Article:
I’ve missed you, old friend

Yes, I know. It has been eight months since I last opened up this blog to write. EIGHT MONTHS! It’s not that I haven’t wanted to write, I have. More than once, I have constructed interesting posts in my mind, only to never find the time to put pen to paper, or I guess fingers to keyboard as it were.

My last post came right before school started for the year. I guess that should say it all. This year has been busy; busier than I could have ever imagined. I actually remember thinking that with my youngest boys starting preschool, I would have all this spare time to work, to get caught up on projects, to have time for myself….. except that isn’t exactly how it has gone.

Instead I have spent a very hectic last eight months juggling everyone’s busy schedules. My days are spent driving kids to school, picking them up, volunteering at their schools whenever possible, driving to after-school activities, finding time to help with homework, trying to keep the house running, and just occasionally sneaking in a few moments to sit back and enjoy life at this stage. It’s exhausting. Seriously. I don’t know how other moms do it, especially if they have more kids than me. I am worn out….

So no, by the end of a long day, I’m usually not in the mood to sit down and write. I’m much more in a curl-up-with-a-book-and-glass-of-wine mood, or maybe a Netflix-and-ice-cream-sundae kind of mood.

As it is, I find my time here drawing to a rapid close, as the clock tells me I must head out very soon to pick up my boys from preschool. I’m glad I was able to at least sneak on here for a few precious moments.

So tell me fellow moms, how do YOU do it? How do you get everyone where they need to go, get all the homework done, and get dinner on the table each night? I’m open to any and all suggestions. And maybe those of us who have this craziness worked out into a well-oiled machine, can offer some inspiration to the rest of us who are trying our best to keep up.

The facts of life… preschool version

I always considered myself lucky that Connor was so young when I was pregnant with his brothers. He understood that they were growing in my tummy because that is what we told him. He would kiss my belly every single day so he could give his brothers kisses. And he knew eventually there would be real babies to hold and play with. But he never questioned the why’s or how’s of getting them here. Until today…

Of course all of my boys know that they grew in my belly, we have even talked about how Benjamin and Alexander got to grow in there at the same time, something very special. So today as we were driving home from preschool, Alex randomly announced that he used to grow in my belly. And then Connor asked if the doctor had to cut them out of me, how did they all come out? And I suddenly had no idea what to say…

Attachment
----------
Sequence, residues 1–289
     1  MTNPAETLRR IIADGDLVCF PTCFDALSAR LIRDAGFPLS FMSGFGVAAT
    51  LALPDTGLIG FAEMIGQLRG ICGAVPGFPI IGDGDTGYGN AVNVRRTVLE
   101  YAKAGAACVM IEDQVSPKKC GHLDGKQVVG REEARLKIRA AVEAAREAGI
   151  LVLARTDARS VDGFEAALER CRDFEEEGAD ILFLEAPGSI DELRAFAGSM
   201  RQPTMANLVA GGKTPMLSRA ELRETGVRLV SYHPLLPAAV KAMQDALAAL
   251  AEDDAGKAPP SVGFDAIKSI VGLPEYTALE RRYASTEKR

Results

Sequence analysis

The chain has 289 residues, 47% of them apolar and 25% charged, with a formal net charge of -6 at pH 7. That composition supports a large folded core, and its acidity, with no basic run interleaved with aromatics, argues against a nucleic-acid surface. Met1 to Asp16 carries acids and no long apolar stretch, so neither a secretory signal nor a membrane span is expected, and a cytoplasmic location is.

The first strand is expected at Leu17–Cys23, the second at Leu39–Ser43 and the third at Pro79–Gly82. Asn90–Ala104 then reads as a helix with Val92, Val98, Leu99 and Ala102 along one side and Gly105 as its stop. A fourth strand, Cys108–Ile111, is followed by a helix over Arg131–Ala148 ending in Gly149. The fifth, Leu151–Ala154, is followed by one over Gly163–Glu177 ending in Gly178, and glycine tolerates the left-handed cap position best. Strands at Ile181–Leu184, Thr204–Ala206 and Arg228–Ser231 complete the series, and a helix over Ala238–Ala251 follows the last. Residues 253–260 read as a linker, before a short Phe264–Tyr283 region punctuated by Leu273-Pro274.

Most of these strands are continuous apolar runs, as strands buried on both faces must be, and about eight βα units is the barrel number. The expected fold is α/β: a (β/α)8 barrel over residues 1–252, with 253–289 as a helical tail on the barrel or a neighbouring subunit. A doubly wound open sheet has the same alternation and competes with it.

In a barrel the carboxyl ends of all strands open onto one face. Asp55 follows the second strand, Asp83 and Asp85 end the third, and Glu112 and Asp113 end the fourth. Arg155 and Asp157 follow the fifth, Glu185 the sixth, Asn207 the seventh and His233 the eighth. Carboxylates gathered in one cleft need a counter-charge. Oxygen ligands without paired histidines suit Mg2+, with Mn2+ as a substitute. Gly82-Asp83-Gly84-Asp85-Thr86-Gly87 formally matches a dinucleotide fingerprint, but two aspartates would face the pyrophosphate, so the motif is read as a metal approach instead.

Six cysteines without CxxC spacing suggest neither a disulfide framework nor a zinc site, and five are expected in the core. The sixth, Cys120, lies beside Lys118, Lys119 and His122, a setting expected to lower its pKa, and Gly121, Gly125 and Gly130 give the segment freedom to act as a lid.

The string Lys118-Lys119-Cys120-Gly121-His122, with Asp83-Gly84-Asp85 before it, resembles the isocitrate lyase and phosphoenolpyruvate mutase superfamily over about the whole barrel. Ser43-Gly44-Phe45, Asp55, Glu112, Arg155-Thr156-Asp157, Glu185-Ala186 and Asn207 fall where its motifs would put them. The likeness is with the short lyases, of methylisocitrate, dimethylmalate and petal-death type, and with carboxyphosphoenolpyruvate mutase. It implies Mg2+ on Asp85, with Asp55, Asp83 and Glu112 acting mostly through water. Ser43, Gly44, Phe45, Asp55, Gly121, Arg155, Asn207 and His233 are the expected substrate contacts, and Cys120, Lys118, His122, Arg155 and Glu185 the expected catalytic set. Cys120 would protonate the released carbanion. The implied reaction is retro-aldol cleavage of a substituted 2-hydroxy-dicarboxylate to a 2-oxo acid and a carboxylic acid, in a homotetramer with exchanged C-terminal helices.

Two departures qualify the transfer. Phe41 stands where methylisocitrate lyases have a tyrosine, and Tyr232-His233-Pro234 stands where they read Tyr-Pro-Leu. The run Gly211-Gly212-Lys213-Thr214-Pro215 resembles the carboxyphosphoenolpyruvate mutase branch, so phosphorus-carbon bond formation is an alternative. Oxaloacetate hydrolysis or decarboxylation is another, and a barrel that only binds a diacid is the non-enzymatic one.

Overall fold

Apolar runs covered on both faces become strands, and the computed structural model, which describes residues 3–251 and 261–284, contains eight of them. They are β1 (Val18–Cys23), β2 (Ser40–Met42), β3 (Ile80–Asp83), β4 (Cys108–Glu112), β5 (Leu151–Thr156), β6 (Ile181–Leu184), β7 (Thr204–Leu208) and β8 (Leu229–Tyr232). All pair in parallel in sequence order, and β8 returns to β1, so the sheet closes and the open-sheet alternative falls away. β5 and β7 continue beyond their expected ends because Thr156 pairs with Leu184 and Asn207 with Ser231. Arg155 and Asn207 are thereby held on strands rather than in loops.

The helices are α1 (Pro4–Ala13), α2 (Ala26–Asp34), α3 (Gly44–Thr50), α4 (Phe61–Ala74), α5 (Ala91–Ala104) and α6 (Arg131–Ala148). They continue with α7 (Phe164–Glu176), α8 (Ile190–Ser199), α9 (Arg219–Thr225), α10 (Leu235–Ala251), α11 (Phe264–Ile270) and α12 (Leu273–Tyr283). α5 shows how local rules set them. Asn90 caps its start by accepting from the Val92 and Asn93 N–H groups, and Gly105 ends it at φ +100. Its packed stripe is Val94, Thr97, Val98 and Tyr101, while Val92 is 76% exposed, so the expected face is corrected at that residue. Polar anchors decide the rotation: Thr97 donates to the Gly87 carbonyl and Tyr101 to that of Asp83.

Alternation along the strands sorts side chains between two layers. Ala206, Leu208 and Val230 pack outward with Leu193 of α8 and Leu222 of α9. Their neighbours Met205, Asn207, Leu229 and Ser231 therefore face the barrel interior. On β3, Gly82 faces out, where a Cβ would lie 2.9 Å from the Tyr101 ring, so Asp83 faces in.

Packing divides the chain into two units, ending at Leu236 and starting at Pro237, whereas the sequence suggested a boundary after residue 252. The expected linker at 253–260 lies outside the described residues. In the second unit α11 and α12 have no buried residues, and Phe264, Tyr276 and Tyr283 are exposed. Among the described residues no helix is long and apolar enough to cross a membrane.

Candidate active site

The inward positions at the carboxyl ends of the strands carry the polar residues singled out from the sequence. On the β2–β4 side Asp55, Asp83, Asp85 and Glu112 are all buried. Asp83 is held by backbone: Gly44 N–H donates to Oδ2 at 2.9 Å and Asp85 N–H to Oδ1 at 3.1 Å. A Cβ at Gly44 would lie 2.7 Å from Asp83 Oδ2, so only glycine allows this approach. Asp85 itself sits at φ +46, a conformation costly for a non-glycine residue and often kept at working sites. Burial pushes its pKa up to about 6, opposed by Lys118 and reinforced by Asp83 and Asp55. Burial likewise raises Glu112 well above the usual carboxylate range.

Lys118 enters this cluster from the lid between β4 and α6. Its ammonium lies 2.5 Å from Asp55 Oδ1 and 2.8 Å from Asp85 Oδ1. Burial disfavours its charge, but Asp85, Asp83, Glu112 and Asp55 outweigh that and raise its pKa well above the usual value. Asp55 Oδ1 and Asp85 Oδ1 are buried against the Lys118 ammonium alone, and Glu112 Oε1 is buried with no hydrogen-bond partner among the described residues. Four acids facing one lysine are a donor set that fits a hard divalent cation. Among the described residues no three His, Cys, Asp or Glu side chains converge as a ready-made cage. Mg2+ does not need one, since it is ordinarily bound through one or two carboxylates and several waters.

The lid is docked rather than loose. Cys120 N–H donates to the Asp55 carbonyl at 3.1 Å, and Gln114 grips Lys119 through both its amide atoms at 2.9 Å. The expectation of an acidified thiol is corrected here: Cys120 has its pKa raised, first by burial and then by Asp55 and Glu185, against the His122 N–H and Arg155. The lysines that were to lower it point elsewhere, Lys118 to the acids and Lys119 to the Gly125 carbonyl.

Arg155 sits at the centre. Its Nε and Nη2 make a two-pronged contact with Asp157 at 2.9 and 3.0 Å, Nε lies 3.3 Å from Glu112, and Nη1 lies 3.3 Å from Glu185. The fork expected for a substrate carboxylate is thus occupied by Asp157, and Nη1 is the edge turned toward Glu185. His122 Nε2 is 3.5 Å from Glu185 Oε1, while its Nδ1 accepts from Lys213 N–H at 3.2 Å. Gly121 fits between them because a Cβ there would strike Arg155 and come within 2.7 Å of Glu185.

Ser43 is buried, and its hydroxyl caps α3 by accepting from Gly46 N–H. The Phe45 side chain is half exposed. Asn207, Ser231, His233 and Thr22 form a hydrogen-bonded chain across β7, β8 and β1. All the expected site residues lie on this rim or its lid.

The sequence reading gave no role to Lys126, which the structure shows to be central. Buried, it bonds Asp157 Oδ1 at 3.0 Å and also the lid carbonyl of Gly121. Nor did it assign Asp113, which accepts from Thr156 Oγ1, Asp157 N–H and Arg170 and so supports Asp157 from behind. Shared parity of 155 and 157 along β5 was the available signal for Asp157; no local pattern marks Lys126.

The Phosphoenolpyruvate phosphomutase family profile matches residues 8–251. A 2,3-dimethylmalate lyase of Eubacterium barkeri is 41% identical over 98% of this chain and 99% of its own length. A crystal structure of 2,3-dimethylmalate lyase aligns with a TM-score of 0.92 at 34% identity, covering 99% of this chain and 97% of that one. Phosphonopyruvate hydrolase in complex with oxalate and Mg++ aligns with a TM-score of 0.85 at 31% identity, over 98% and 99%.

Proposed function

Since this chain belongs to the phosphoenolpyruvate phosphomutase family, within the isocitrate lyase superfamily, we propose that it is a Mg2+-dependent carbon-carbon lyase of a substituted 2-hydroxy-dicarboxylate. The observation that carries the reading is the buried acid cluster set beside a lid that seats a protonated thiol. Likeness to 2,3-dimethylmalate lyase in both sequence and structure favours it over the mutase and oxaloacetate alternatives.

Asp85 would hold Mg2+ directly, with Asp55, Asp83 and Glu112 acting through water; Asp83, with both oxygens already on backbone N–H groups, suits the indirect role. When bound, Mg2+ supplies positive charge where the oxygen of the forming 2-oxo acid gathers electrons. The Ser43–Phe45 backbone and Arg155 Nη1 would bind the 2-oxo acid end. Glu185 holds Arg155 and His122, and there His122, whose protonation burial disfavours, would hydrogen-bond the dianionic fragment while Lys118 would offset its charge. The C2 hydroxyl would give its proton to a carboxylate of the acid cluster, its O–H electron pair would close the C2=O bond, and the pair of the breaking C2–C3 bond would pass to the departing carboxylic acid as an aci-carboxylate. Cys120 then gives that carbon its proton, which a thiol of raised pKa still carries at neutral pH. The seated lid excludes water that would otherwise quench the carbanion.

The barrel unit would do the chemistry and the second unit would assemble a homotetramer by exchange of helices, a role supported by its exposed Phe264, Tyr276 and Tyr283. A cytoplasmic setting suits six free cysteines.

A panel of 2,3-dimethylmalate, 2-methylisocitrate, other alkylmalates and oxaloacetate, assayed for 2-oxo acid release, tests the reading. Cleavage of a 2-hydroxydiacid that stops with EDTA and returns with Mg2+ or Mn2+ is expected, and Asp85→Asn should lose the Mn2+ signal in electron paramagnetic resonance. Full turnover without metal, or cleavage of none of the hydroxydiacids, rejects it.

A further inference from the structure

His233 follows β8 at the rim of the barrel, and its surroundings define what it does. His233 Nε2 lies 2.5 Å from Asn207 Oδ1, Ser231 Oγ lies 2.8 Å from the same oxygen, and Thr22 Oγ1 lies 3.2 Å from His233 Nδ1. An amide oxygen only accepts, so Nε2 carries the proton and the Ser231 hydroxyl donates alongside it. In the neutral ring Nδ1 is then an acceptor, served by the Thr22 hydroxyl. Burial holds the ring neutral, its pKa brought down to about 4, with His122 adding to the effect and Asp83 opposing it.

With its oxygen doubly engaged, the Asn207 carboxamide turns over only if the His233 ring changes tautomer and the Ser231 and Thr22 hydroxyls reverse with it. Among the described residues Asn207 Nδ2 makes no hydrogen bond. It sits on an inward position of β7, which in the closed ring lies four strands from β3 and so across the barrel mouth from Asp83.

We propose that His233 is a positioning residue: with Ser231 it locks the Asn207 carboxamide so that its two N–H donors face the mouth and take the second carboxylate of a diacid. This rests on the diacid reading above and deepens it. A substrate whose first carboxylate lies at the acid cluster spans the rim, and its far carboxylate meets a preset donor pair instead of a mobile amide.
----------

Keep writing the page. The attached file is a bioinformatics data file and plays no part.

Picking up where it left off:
I tell my children the truth, always. I don’t dumb things down, I explain them carefully in terms that they will understand. They are incredibly smart, they all retain information wonderfully. I have always told myself that if I want to continue to nurture their growing minds, I cannot be afraid to talk about “big people” topics with them, even if I have to find creative metaphors to help them understand big concepts. And it has always served us well in this lesson we call life.

So now what? I never had a C-section, so no, nobody was cut out of my belly. But how do you appropriately broach the subjects of female anatomy and childbirth with a 4 year old and two 2 year olds in the car, all while still trying to concentrate on safe driving???

Fortunately, one of those life lessons we have been open and honest about since the beginning are the basic, physical differences between boys and girls. More often than not, the kids are playing in the bathroom while one of us showers, or they barge into the bathroom without a care, so they have seen what makes Mommy and Daddy different. We don’t make a big deal about it, it is what it is.

So I started there, in my little impromptu, taken completely off guard, chat. I reminded Connor that he knows that girls and boys are different, and told him that babies come out from that area. But in all honesty, I failed. I was distracted by driving, by not having an answer prepared, by not wanting to take the chance of saying something that could scar my children for life… I floundered. I didn’t really know how best to approach the subject, and I didn’t have the time to collect my thoughts. Not a proud teaching moment by any standard.

I was quite literally saved by the bell, or rather the car transporter truck. Connor spotted it, shouted out, and suddenly we had a distraction I so desperately needed. “Yup honey, good eyes, that is a big car transporter, awesome!!” Subject changed successfully…. thankfully.

This could have been an awesome learning moment for Connor. Instead, it became an important learning moment for me. It’s never too early to start thinking about those conversations that you think won’t happen for several more years. Because they just might happen tomorrow. I need to be ready for it, so I can be sure to give my boys the right answer, the honest answer, the age-appropriate but thorough answer. They are unbelievably smart. They can handle it. And I would much rather have that door be open, so that they know they can always come to us with those kinds of questions, and never be turned away.